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Robot Paintings Evolved Using Simulated Robots EvoMUSART ‘06 Gary R. Greenfield University of Richmond, USA Outline Motivation Background S-Robots Evolutionary Framework Assessment Parameters Evolved S-Robot Paintings On Autonomous Evaluation Conclusions Motivation

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Robot Paintings Evolved Using Simulated Robots

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Robot paintings evolved using simulated robots l.jpg

Robot Paintings Evolved Using Simulated Robots

EvoMUSART ‘06

Gary R. Greenfield

University of Richmond, USA


Outline l.jpg

Outline

  • Motivation

  • Background

  • S-Robots

  • Evolutionary Framework

  • Assessment Parameters

  • Evolved S-Robot Paintings

  • On Autonomous Evaluation

  • Conclusions


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Motivation

“Artistic talent is far from a magic indefinable essence, possessed by a few and jinxed by deconstruction. Rather it can be thought of as an adaptive system, consisting of a particular updating scheme and low level local rules or techniques, which have been arrived at through an evolutionary process.”

-- Katie Bentley, GA’02 Generative Art Conference, Exploring aesthetic pattern formation, pp. 201-213.


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Leonel Moura: ArtSBot


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J. McCormack: EvoMUSART ‘05

  • Open Problem #3: “To create EMA systems that produce art recognized by humans for its artisticcontribution (as opposed to any purely technical fetish or fascination).”

  • Open Problem #5: “To create artificial ecosystems where agents create and recognize their own creativity.”

  • My Observation: To recognize their creative efforts agents must be able to evaluate their creative efforts.


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Background

-- V. Ramos and F. Almeida (2000), Artificial ant colonies in digital image habitats – a mass behavior effect study on pattern recognition.

-- L. Moura and H. Pereira (2002), Artistic Swarm Robots (ArtSBot).

-- N. Monmarche et al (2003), Interactive evolution of ant colony paintings.

-- G. Greenfield (2005), Evolutionary methods for ant colony paintings.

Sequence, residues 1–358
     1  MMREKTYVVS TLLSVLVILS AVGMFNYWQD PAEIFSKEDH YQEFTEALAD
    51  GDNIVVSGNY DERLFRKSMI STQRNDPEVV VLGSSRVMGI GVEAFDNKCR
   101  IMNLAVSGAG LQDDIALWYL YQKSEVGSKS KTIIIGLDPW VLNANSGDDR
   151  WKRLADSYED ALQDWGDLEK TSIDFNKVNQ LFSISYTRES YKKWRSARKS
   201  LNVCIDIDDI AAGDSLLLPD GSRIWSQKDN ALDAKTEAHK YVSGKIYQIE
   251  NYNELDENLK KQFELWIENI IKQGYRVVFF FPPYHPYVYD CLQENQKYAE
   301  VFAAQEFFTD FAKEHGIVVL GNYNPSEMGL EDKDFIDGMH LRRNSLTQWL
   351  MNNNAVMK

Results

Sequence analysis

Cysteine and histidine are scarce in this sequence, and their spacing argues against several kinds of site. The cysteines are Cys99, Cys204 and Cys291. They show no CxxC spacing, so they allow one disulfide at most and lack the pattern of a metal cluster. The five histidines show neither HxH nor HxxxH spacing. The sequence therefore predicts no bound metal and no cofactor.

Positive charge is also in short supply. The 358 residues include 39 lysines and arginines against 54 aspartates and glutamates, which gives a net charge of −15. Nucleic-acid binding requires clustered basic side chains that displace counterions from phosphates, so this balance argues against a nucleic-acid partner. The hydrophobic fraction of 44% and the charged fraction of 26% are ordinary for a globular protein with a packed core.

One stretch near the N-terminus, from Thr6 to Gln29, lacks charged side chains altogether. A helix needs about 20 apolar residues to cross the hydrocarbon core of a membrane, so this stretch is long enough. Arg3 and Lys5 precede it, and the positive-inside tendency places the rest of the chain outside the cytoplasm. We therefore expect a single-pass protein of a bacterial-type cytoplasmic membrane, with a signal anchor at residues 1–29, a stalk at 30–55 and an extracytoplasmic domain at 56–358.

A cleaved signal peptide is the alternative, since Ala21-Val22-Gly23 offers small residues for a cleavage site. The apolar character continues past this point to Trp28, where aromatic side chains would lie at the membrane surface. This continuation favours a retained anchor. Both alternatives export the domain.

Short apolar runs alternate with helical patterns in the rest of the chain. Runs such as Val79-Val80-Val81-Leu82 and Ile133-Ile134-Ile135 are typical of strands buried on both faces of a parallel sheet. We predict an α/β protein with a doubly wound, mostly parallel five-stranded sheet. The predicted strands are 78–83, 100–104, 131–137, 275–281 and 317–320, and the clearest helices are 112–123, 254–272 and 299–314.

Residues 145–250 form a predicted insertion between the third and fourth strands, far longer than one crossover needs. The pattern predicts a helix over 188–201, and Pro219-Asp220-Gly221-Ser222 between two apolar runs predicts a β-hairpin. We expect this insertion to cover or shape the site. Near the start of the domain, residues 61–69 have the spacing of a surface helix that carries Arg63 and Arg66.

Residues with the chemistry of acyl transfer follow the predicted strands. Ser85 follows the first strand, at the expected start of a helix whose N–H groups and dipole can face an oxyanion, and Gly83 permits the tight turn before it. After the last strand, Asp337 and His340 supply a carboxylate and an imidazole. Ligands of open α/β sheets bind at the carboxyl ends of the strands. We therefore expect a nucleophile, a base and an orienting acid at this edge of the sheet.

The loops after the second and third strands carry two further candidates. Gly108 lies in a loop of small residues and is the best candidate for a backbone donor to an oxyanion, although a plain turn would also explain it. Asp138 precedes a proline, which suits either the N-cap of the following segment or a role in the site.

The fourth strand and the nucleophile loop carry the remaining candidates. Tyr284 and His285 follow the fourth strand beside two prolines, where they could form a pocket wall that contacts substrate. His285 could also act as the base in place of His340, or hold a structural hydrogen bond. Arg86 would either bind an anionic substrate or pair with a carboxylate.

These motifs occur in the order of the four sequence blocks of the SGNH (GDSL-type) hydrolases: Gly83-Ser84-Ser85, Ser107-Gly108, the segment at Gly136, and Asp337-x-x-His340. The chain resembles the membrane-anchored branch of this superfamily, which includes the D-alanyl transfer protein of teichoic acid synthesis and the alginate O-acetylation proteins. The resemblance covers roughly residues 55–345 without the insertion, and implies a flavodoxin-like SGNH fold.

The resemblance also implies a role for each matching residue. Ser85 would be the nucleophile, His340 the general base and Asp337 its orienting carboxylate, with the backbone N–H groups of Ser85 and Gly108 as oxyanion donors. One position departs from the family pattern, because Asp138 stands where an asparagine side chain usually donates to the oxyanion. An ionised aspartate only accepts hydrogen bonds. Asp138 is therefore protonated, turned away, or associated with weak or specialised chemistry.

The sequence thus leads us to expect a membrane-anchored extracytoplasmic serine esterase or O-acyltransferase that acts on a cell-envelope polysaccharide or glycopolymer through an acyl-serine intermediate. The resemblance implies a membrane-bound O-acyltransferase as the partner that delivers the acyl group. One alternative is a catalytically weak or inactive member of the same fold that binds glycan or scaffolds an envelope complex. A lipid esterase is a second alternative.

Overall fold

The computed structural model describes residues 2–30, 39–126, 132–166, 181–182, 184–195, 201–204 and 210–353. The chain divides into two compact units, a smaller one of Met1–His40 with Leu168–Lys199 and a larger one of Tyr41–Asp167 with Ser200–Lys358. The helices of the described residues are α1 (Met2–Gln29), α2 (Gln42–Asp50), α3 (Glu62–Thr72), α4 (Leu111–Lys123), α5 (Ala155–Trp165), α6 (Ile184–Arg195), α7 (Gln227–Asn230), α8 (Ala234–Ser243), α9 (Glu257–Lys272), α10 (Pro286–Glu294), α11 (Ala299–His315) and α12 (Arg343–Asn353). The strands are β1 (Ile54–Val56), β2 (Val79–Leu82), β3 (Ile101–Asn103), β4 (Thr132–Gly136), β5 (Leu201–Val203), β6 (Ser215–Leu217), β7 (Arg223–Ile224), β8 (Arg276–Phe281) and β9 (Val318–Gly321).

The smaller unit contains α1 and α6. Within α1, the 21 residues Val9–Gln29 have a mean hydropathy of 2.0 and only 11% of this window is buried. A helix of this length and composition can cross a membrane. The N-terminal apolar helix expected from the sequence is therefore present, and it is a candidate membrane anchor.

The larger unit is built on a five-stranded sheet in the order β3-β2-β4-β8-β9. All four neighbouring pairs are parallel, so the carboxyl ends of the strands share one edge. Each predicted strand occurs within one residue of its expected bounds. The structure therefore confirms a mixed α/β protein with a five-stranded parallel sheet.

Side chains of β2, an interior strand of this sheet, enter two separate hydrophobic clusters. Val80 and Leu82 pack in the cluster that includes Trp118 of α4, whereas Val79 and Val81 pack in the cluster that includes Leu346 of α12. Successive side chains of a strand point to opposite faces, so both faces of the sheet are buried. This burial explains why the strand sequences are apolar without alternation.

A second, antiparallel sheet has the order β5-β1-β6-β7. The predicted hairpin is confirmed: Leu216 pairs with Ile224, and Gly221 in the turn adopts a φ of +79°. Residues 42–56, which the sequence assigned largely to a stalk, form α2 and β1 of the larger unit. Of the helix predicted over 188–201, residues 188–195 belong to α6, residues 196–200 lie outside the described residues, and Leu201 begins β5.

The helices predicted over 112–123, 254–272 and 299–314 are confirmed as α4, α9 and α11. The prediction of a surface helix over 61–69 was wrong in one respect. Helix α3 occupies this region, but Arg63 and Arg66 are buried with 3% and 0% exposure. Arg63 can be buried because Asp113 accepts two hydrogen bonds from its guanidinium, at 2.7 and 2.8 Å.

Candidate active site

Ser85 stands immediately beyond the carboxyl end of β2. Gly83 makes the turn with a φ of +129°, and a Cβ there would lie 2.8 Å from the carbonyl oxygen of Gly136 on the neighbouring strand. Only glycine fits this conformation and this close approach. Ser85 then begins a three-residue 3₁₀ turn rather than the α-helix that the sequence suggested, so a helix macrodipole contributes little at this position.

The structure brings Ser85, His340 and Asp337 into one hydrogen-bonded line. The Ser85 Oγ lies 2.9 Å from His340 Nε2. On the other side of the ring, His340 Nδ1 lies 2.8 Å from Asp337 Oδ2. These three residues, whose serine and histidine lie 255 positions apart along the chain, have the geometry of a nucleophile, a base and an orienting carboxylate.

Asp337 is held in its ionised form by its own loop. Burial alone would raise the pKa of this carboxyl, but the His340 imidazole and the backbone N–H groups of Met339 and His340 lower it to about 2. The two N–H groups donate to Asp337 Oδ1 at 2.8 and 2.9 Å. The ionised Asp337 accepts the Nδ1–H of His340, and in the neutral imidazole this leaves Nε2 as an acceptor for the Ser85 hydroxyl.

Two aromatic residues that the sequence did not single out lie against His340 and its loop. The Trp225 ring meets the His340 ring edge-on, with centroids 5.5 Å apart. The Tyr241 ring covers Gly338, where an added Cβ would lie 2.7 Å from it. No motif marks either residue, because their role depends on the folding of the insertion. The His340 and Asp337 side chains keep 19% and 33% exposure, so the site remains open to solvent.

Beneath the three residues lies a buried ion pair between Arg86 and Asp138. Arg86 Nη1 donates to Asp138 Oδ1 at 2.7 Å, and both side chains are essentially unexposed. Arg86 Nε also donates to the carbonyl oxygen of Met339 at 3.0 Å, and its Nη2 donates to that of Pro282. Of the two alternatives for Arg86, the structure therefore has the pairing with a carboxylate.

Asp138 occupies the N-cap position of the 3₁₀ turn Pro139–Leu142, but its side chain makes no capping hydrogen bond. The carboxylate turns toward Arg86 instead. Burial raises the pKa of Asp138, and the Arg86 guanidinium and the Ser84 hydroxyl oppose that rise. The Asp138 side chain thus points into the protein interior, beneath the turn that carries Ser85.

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Monmarche Greenfield


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S-Robot Design

  • Loosely modeled after Khepera robots

(Binary valued) proximity sensor

(Tristimulus) color sensor


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S-Robot Specifications

  • Center position (rx, ry).

  • Unit vector direction heading (dx, dy).

  • Three forward proximity sensors, and one rear proximity sensor, sensitive to a radial distance of 20 units.

  • Forward “field of vision” -90 deg. to +90 deg.

  • Rear “field of vision” -60 deg. to +60 deg.

  • All proximity sensors are binary valued.

  • Center-mounted tristimulus color sensor.

  • Two center mounted “pens” which, when working in tandem, make a mark five units wide.


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S-Robot Commands

  • MOV <arg> -- move <arg> units

  • SWI <arg> -- swivel <arg> degrees

  • SPD <arg> -- set speed <arg> micro-units per time step

  • SNP <arg> -- sense proximity by updating values of the proximity vector

  • SNC <arg> -- sense color by updating values of the color vector

  • PUP <arg> -- pen #<arg> up

  • PDN <arg> -- pen #<arg> down

    Notes: Discrete event simulation determines number of time steps needed when trying to complete a move or when trying to complete a swivel.


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S-Robot “On-Board” Controller

  • Queues a command sequence then sleeps until sequence is executed. Sequences can include “motifs”.

    if (sensed red component == target value)

    qzigzag(q); /* schedule “zigzag” motif */

    q.put(SWI), q.put(-55);